June 14, 2016
At the end of this week, the International Conference on Penal Abolition will convene in Quito, Ecuador. This semi-annual conference has pulled together abolitionists since 1983 to discuss practices and theories to dismantle the prison industrial complex. This continues to be an important space for Critical Resistance (CR) to learn about international abolitionist struggles and to build relationships with our comrades globally.
CR staff and members will be discussing various campaigns and coalitional work, both as a part of a panel on San Francisco’s victory against new jail construction as well as in a presentation entitled “The War on Terror: Intensification of the prison industrial complex (PIC) through the logic of warfare.” The global War on Terror has had enormous and devastating impacts, not only on countries and communities who have been labeled and targeted as “terrorist” but on all people including those in the US who continue to face the violence of policing and imprisonment.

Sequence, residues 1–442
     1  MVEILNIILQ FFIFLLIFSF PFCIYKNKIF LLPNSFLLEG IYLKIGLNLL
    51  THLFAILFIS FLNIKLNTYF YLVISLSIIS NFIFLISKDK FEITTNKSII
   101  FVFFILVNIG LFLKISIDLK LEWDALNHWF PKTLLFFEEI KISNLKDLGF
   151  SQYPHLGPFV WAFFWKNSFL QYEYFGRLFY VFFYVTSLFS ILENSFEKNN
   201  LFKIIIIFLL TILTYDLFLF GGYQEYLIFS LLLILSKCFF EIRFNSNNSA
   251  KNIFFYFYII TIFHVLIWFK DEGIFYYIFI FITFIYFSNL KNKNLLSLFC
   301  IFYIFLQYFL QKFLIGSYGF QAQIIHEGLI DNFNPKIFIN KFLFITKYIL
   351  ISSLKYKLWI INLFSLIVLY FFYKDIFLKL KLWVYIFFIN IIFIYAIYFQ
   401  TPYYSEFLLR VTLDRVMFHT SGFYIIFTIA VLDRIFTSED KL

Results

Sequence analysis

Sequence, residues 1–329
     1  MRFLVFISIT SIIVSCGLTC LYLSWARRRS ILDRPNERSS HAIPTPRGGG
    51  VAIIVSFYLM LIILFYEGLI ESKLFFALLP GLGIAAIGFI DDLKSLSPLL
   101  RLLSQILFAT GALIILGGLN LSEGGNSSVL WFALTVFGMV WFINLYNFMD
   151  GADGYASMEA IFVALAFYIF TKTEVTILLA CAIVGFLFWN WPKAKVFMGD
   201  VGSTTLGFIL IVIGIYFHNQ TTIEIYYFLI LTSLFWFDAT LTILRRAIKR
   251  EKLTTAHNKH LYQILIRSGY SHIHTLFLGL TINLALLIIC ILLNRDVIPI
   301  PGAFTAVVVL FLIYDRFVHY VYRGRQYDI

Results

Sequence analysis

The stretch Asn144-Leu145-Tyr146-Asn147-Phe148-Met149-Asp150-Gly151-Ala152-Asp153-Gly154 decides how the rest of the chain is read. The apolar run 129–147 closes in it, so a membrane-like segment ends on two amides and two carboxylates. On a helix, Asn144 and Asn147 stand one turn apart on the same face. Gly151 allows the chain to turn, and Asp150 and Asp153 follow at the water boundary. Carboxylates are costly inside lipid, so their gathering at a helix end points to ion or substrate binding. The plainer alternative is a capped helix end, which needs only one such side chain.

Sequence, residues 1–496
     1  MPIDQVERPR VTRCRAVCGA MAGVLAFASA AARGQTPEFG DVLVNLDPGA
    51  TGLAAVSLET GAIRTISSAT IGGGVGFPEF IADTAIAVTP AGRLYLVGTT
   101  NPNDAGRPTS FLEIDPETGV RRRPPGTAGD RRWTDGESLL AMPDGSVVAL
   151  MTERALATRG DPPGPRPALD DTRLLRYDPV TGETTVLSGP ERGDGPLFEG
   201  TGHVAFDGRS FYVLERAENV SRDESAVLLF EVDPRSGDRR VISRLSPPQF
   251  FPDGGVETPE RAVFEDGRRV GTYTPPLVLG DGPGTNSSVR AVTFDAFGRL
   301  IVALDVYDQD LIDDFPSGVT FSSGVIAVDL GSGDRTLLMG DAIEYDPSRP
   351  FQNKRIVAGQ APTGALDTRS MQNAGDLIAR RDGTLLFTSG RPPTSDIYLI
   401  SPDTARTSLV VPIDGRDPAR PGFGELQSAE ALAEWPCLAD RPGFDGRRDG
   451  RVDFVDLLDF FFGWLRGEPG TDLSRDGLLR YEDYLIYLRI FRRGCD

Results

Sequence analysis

In the wake of the tragedy in Orlando, these discussions feel ever important, as rather bolstering and resourcing community resilience, we see politicians supporting more militarized policing in the US, including heightened immigrant detention and deportation, as well as expanding imperialist warfare internationally.
Critical Resistance positions our practice of abolition as confronting both the expanding prison and military industrial complexes, seeking to disrupt both interlocking systems through our work, such as our campaigns with coalitions fighting militarization of policing, solitary confinement and gang injunctions. While the state continues to further resource domestic and international warfare and target communities through fear mongering, imprisonment, policing, and surveillance, we will continue to resist and stand with all who are fighting the division, isolation, and repression of state violence.
We look forward to using the space of ICOPA to learn about and share practical strategies for abolition, bringing international struggles back to our US context.